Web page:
The First US Fighter Ace of the European Theater of Operation: Charles P. London of Long Beach, California

Military historians constantly refer to “Aces” as being military aviators credited with shooting down five or more enemy planes during aerial combat.  Most of these historians don’t actually know the name of the first ETO fighter ace.  I was only made aware of his story while researching a recent photograph acquisition through an internet source who acquired the wartime collection of the Baltimore Sun newspaper.   All priced at US $15.00, the shots made available for resale were mostly unnamed or impossible to research.  When I saw that this shot was well identified, dated, cross referenced and well taken, I was “quick to click” and make the purchase.


Captain Charles P. London

Captain Charles P. London

Captain London is identified standing in front of his plane with his Crew Chief Sgt. Percy M. Scott cut off from the photo, yet identified in the caption.  The photo was acquired by the Baltimore Sun from the USAAF(sic in caption).  The photo is a typical standard size shot typical of the USAAF during the war. The shot is crisp, clear and was printed directly from the original negative in 1943.   This isn’t a shot produced in later years for a book, publication, or film.

Photo Caption

Photo Caption


The reverse side of the photo contains an interesting chain of custody record for the image.  The first thing likely applied to the photo is the light penciling correctly identifying the pilot as LONDON in cursive in the left top center of the reverse.  This shot was then stamped by the Baltimore Sun apparently while a correspondent in the London office compiled shots for publication.  Here it was identified, described and prepared for shipment back home.   The next application is the ETO Censor stamp from December of 1943.  All photos sent home during the war (with some exception) were censor examined before being sent back to the US.   The bar code stamp on the top right was placed on the shot by the photography dealer I purchased the shot from.  It’s incredible how much information can be extrapolated from a few stamps on the back of a piece of paper……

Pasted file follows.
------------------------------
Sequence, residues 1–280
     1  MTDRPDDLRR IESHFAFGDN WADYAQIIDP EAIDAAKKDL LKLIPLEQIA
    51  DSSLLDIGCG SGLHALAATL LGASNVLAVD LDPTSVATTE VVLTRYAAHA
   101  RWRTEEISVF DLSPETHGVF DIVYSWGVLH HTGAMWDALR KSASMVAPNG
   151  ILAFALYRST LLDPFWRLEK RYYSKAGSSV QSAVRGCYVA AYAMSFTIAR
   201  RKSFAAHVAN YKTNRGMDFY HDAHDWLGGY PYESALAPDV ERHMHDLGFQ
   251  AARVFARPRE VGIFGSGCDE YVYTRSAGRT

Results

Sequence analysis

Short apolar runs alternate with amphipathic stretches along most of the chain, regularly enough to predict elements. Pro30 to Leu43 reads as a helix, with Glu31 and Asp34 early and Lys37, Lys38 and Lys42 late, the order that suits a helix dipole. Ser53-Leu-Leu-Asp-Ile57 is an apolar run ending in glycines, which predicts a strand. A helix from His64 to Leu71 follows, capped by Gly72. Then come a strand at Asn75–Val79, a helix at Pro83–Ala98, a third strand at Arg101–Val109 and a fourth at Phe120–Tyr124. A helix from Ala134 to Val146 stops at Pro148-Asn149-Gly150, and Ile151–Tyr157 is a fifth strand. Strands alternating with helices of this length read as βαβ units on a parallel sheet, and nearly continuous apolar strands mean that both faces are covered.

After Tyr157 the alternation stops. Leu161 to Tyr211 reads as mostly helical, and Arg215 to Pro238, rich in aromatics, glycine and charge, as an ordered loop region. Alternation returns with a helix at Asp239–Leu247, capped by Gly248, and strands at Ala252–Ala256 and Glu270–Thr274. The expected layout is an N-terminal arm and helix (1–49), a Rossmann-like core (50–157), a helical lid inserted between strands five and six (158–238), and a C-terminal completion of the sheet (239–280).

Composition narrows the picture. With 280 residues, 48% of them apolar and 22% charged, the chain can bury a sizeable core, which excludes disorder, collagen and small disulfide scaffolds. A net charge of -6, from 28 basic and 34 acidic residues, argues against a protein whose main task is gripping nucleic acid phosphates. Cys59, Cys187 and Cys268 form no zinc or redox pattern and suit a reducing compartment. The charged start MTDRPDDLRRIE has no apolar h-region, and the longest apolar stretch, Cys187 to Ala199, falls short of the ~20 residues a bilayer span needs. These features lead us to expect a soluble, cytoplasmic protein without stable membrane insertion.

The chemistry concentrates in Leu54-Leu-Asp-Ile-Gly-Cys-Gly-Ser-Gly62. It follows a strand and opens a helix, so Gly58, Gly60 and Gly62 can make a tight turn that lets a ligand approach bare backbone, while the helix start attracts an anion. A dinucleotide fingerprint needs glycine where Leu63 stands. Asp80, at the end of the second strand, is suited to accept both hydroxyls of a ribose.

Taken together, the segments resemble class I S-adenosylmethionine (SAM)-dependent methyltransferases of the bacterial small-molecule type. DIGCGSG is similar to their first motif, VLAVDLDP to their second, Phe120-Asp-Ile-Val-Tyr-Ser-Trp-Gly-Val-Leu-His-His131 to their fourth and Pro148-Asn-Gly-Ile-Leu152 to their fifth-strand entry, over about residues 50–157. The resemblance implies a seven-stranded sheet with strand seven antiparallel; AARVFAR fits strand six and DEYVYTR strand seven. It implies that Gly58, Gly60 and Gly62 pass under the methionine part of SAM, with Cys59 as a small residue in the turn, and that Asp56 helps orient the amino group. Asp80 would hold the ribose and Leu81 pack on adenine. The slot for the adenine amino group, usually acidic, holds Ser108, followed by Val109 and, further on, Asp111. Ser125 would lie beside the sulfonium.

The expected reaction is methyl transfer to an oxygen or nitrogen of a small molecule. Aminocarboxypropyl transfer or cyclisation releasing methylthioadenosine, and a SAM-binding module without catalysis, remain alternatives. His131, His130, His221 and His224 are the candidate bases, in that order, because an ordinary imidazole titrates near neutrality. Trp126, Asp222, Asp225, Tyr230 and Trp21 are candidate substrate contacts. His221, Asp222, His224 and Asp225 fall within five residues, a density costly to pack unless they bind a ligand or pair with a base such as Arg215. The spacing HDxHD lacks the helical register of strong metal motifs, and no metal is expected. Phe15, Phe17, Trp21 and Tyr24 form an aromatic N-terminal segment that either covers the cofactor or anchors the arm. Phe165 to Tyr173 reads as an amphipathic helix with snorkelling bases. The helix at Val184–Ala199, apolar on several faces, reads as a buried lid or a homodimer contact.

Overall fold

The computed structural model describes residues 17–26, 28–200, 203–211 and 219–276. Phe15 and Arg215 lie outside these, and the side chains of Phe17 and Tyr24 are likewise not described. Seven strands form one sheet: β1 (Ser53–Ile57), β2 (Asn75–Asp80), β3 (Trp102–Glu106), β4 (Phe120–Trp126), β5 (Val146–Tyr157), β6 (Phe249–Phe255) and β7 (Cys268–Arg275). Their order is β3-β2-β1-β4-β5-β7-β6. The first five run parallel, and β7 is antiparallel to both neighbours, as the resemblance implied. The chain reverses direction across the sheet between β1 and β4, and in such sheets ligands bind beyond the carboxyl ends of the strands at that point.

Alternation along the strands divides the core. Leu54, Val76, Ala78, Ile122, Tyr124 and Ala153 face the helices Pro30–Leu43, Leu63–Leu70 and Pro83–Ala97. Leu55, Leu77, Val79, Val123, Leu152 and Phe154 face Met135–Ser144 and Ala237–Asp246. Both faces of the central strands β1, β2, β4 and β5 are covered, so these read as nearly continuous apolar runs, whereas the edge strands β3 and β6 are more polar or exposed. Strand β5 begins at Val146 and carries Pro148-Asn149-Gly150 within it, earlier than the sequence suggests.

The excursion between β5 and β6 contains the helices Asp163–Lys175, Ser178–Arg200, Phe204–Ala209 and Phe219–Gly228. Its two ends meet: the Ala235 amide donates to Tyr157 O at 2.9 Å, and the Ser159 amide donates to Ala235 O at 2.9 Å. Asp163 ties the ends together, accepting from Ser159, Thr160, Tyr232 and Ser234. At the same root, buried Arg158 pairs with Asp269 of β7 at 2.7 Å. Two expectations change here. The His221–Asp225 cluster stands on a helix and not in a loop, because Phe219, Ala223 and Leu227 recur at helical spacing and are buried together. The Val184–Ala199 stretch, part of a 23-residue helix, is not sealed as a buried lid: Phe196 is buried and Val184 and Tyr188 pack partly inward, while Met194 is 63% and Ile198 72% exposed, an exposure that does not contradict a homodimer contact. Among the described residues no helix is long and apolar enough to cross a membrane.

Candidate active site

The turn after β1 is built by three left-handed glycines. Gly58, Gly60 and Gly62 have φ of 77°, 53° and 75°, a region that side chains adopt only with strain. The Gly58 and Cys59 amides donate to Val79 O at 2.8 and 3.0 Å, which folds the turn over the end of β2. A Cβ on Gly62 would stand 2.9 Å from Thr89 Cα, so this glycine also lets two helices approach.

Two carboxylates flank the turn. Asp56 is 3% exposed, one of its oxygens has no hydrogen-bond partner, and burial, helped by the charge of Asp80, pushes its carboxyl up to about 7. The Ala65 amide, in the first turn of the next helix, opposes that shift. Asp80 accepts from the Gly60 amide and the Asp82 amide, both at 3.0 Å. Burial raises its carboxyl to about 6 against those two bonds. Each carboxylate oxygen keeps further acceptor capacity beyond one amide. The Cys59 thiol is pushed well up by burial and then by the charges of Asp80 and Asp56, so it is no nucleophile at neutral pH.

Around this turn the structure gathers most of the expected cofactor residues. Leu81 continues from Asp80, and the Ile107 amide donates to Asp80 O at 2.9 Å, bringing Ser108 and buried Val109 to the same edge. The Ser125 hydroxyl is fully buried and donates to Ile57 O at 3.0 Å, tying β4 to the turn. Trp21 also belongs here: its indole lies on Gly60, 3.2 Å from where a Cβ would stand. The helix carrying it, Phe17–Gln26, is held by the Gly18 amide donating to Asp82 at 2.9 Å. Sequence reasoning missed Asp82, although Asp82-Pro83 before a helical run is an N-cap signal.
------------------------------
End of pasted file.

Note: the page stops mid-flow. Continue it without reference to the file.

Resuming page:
Reverse of Image

Reverse of Image

Compared to other high-profile US fighter aces of WWII, relatively little can be found about Captain Charles London.  He was a Captain with the 78th Fighter Group, 83rd Fighter Squadron in 1943.   We also know he is considered the first US fighter ace in the ETO.  A description of him in the Stars and Stripes (March 9th, 1944) describes him as follows:

First fighter pilot in the ETO to become an ace.  Capt. Charlie London, of Long Beach, Cal., has returned to the States to teach some of the tricks he learned in more than 100 mission, sweeps, and sorties in the ETO.  One of the first A4F fighters to score a double victory’s over here last June, he started flying P-36’s in 1941, then P-40’s, next the obsolete P-66 and finally P3Ss before he took over a Thunderbolt.  He has destroyed five enemy aircraft. 

He awarded the Distinguished Service Cross for his work in June and July of 1943,


(Citation Needed) – SYNOPSIS: Captain (Air Corps) Charles P. London (ASN: 0-421260), United States Army Air Forces, was awarded the Distinguished Service Cross for extraordinary heroism in connection with military operations against an armed enemy while serving as Pilot of a P-47 Fighter Airplane in the 83d Fighter Squadron, 78th Fighter Group, EIGHTH Air Force, in aerial combat against enemy forces from 22 June 1943 through 30 July 1943. On 22 June while engaged in aerial combat, Captain London shot down an enemy airplane. On 29 June Captain London shot down two enemy aircraft in a single engagement. When, on 30 July 1943, Captain London again shot down two enemy aircraft in a single engagement, bringing his total to five victories for the period, he became the first American ACE in the European Theater of Operations. Captain London’s unquestionable valor in aerial combat is in keeping with the highest traditions of the military service and reflects great credit upon himself, the 8th Air Force, and the United States Army Air Forces.

General Orders: Headquarters, European Theater of Operations, U.S. Army, General Orders No. 82 (1943)

Action Date: June 22 & 29 & July 14 & 30, 1943

Service: Army Air Forces

Rank: Captain

Company: 83d Fighter Squadron

Regiment: 78th Fighter Group

Division: 8th Air Force

Plus, an article with his photo:



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